Visitors to aged care facilities struggle with rapid test shortages

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Wendy Evans was lucky enough to visit her mother’s nursing home on Boxing Day, just before it was locked down due a positive coronavirus case.

But when it opens again to visitors this week, the Melbourne mother will feel slightly uneasy going into the facility because she hasn’t been able to find a rapid antigen test anywhere.

Wendy Evans hasn’t been able to find a rapid antigen test before visiting her mother in a Melbourne nursing home. Credit:Luis Enrique Ascui

While it’s not a strict requirement, it’s been strongly recommended by the aged care facility for visitors, and it’s something Ms Evans would like to do before seeing her 95-year-old mother, Dorothy.

“I’m feeling very frustrated, very angry,” she said on Wednesday. “Give us free RATs and let’s get on with it.”

After two years of upheaval in Australia’s aged care sector, with facilities going in and out of lockdown and several suffering deadly outbreaks and staffing issues, the recent surge in demand for rapid antigen tests has been an added stress for those trying to visit loved ones.

The federal government announced at the end of December that it would provide rapid antigen test kits to residential aged care facilities to support the testing of staff and for regular visitors. The first deliveries to facilities started several days ago.

In the meantime, rapid antigen tests have been hard to find at pharmacies and supermarkets, with widespread shortages placing pressure on the federal government to make the tests freely available to everyone.

Prime Minister Scott Morrison announced on Wednesday about 6.6 million Australians would be eligible for 10 free rapid antigen tests over three months to be collected from pharmacies, besides the free tests also available at testing clinics if they had symptoms or were deemed close contacts.

But rapid tests will not be universally free in Australia.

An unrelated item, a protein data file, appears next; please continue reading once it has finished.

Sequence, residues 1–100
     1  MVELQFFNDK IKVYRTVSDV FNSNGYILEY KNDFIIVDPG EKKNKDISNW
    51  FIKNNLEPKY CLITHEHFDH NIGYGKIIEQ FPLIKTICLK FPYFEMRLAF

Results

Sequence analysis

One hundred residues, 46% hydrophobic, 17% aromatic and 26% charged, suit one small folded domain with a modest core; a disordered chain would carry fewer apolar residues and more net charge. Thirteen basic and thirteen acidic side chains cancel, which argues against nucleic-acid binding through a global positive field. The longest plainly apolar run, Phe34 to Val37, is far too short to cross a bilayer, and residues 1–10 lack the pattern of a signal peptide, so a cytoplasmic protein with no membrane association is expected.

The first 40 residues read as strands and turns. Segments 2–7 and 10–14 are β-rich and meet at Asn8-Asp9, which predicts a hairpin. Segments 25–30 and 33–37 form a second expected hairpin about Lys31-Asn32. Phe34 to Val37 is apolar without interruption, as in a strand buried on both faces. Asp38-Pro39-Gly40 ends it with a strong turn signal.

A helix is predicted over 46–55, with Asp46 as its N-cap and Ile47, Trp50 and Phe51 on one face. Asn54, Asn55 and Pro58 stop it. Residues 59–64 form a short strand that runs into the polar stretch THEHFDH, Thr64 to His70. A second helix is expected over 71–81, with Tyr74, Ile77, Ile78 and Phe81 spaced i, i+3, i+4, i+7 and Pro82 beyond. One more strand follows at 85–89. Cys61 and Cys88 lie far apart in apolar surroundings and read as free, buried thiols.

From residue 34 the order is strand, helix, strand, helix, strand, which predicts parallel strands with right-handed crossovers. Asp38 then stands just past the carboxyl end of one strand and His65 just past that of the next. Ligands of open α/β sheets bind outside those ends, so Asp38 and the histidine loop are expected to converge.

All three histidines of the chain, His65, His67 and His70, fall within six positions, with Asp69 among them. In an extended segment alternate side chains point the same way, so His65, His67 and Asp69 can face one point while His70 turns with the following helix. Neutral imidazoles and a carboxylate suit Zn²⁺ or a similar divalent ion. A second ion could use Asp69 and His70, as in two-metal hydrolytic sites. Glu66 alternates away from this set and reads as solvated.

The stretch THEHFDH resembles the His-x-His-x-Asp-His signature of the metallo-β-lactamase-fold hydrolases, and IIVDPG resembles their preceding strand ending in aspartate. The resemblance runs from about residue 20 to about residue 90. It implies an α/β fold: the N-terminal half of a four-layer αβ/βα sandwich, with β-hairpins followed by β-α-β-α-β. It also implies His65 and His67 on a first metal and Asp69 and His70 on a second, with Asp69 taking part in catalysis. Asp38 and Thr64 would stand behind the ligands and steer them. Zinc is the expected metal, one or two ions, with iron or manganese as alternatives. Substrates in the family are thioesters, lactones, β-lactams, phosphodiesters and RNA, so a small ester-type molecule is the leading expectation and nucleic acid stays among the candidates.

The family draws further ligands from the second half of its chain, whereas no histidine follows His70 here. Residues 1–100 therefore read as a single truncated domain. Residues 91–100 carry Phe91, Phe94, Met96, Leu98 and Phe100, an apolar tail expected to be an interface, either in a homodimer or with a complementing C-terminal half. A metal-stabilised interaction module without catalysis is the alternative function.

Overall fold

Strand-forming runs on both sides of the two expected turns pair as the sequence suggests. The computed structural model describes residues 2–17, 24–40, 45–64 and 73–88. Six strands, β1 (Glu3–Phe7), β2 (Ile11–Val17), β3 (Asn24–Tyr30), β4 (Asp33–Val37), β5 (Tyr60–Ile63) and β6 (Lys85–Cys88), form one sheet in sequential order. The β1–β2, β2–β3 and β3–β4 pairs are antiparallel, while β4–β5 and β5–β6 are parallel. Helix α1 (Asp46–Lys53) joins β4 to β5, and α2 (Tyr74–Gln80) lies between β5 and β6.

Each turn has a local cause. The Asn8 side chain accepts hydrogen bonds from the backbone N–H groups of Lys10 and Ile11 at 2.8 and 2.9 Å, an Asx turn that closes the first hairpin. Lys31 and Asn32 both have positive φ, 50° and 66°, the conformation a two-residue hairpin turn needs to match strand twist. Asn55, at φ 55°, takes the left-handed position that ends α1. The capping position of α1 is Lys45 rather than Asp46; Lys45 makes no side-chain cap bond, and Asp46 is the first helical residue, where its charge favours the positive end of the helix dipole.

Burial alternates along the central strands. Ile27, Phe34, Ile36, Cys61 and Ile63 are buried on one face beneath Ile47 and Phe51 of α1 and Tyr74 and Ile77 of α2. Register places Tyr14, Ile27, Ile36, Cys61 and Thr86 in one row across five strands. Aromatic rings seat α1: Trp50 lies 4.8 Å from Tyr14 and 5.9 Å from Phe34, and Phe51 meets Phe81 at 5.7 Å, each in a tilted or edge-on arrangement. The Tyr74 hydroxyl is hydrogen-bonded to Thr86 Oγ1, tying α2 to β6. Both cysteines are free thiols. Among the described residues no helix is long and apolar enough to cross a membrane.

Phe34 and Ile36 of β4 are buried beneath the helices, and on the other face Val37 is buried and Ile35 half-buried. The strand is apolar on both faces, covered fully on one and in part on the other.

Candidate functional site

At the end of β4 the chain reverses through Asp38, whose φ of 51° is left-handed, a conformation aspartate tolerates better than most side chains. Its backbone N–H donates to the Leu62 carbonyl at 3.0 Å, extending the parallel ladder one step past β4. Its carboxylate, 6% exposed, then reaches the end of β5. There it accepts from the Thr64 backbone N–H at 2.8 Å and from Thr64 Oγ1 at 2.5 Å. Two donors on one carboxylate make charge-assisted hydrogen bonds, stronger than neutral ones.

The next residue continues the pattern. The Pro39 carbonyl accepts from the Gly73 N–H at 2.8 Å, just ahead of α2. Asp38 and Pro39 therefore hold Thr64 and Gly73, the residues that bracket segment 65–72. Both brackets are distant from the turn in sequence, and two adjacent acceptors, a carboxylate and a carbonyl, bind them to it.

National cabinet also removed the requirement to get a PCR test to confirm a positive rapid antigen test, and the requirement for a test to go into a hospital for treatment.

Visitor arrangements in aged care facilities must comply with state and territory directions, and guidance from both the NSW and Victorian health departments advises residential aged care operators should consider screening visitors on entry via rapid antigen testing.

An industry code for visiting residential aged care homes during the pandemic, developed and endorsed by peak organisations for aged care providers, consumers and carers, says regardless of an outbreak status, residents should always be allowed at least one “essential” visitor.

Wendy Evans’ mother, Dorothy, 95, is in a Melbourne aged care home.

Ian Yates, the chief executive of the Council on the Ageing, said most providers would require those essential visitors to be fully vaccinated, and many would like them to have a rapid antigen test as added protection.

“So the unavailability of RATs, or easily accessible PCR tests, has proved a problem in terms of the provider wanting it for infection-control purposes but it not being available. So getting them out to aged care I think is a priority … for the protection of residents, it’s really important those RATs are in good supply and they should be free,” he said.